The actress made an emotional visit to Zimbabwe this week, where she met child survivors of sexual violence and heard their harrowing stories.
“When I met these survivors, young brave women and children, and listened to their experiences, it just broke my heart,” said Chopra. “I will never forget their stories.”
Chopra’s first stop was in Chitungwiza, south of Harare, Zimbabwe, where she met 13-year-old Alice who was repeatedly raped by an uncle and threatened if she revealed the abuse.
“Alice told me how she had regular abdominal pains, she was 11 at the time, but her mother was unaware there was something wrong,” said Chopra. “It was only when a relative saw condoms in her bedroom, and realized she was sexually active, that the truth came out and by then she was pregnant. Alice disclosed that her uncle had raped her several times between January and February this year.”
“At first, she could not believe that her own relative, who she trusted so much, could do this to her. She felt powerless and betrayed.”
With the help of her mother and neighbours, the incident was reported to the police. Alice was referred to Family Support Trust, supported by UNICEF, which runs a “one stop” child-friendly clinic providing medical and psychosocial support for sexually abused children. She also attended a peer support group for teens, and received regular home visits from social workers to provide the help and support she needed.
The uncle was arrested, tried, and jailed for 10 years.
“Sadly, Alice’s story was just one of too many stories I heard from brave young girls during my visit to Zimbabwe. No woman, and most definitely no child, should ever have to experience sexual violence – especially from someone they trust for protection, such as a family member,” said Chopra, who has been a UNICEF Goodwill Ambassador since December 2016 and a UNICEF India Ambassador for 10 years.
Poverty and a lack of opportunity are huge drivers of violence and leave young women and children in a position of vulnerability to predators. Additionally, most abuse occurs in situations when a child knows and trusts the adult who abuses him or her.
“As a society, it is on us to provide and take care of our children as citizens of the world, to educate children at a young age that it’s not OK to be inappropriately touched and that under-age sex can lead to unwanted teen pregnancy or HIV,” said Chopra.
On the second day of her visit, Chopra visited Childline Zimbabwe, the country’s 24-hour service for children who have been abused, violated or exploited. As well as providing free, confidential, multilingual counselling to children aged 18 years and under, Childline also offers 25 community based drop in centers throughout the country.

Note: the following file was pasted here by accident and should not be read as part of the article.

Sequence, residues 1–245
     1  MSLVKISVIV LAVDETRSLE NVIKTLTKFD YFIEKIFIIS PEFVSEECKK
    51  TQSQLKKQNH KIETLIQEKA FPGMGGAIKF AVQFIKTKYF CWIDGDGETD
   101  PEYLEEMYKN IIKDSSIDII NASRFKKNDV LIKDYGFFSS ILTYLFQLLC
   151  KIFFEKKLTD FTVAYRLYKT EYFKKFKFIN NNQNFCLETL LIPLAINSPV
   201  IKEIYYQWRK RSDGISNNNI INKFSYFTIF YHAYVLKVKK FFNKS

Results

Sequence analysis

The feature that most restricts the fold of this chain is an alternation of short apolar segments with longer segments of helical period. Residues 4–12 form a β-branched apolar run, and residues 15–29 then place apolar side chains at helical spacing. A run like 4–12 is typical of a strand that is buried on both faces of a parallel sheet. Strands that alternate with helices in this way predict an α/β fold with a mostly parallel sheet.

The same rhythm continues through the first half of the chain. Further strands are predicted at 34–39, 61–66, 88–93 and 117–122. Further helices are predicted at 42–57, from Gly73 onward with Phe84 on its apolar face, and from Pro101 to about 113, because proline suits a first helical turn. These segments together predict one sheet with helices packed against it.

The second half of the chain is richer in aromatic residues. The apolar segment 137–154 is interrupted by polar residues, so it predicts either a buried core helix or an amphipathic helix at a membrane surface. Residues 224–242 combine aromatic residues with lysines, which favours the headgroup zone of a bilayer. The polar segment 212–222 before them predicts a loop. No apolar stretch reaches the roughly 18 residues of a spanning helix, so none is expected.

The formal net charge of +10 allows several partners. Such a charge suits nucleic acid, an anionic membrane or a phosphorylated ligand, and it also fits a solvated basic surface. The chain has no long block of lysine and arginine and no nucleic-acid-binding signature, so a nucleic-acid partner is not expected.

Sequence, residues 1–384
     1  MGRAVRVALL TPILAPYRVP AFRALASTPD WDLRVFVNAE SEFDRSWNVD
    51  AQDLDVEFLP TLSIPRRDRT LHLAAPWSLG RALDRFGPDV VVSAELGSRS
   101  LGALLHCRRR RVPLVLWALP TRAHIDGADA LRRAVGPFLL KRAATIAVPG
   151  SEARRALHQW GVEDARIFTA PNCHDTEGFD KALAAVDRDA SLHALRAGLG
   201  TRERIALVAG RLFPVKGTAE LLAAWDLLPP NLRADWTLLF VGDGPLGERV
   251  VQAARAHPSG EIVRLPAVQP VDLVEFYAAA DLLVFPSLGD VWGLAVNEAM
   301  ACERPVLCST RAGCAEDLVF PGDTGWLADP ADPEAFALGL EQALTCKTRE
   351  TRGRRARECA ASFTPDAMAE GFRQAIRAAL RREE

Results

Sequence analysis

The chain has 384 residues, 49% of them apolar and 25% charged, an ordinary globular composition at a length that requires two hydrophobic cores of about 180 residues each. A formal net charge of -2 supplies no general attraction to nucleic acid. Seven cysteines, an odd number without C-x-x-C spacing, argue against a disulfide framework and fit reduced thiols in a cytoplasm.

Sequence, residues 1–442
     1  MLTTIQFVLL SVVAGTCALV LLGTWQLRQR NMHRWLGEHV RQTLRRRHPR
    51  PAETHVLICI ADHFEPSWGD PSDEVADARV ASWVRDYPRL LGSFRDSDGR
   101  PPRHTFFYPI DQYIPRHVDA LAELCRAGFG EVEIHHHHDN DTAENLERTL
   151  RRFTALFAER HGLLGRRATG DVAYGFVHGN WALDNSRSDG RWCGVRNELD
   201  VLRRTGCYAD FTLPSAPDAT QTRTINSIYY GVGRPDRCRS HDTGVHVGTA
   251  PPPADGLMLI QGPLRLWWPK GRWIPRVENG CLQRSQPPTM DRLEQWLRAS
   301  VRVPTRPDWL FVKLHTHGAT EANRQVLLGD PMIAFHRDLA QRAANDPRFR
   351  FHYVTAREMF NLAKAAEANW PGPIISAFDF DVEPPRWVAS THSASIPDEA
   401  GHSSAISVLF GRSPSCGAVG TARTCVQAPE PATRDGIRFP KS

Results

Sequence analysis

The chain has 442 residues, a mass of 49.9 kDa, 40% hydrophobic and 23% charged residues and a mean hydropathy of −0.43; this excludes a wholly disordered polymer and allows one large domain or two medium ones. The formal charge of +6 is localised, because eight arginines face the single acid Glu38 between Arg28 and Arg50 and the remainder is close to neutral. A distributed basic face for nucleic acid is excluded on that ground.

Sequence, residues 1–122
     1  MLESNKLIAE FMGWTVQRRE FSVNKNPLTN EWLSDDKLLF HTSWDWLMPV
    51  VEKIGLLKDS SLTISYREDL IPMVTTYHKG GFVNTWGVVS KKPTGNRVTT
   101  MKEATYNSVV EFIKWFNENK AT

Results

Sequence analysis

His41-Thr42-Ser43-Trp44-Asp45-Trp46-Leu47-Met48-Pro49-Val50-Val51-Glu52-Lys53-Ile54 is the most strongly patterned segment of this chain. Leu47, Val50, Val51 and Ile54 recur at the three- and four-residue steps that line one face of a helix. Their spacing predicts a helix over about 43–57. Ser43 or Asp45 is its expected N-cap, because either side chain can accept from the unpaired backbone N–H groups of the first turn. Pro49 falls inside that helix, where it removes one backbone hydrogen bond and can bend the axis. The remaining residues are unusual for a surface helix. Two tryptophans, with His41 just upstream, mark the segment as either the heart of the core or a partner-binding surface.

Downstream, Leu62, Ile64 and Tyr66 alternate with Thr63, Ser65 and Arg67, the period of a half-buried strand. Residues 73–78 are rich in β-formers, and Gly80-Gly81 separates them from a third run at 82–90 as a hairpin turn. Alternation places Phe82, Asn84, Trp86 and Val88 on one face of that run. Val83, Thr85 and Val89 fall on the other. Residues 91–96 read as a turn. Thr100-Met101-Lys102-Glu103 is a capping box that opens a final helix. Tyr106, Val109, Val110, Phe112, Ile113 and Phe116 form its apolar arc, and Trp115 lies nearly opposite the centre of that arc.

Her first stop was a Childline drop-in center in Epworth, where she met survivors of sexual violence who shared their stories. Chopra then visited the Childline call-in center to meet the Helpline counsellors and listen to some of the calls being fielded in real-time.
“I was astonished by the number of calls that were coming in during the brief time I was there,” said Chopra. “The counsellors, all volunteers, told me that many calls come from children in hysterics because they had been raped or abused. They were so scared. Without Childline, they would have nowhere to turn. This is a model that many countries with high rates of violence against children can adopt, because it is a safe place for children to turn to and know that their call will be answered by a compassionate person who will take their complaints seriously and respond.”
In 2016, 3,690 reports of sexual abuse were received by Childline. The children were assisted to receive counselling, medical assistance, and justice through prosecution of the offenders.
Sexual violence against children is widespread in Zimbabwe. Latest available data shows that close to 1 in 10 girls aged 15-17 years old has been a victim of forced sexual intercourse or a forced sexual act. Approximately 2 in 3 victims were first abused by an intimate partner and approximately 1 in 10 by a stranger.
Too often, sexual violence occurs in homes and is often committed by an individual known to or trusted by the child. Sexual violence against children is therefore mostly invisible and goes largely undocumented. Fear of getting into trouble or not wanting to land the offender in trouble, as well as shame and stigma all contribute to children not reporting the abuse. Additionally, many victims are too young or too vulnerable to know what happened to them.
One survey carried out in Zimbabwe found that 30 per cent of girls aged between 15-17 years who experienced sexual violence never sought help or told anyone.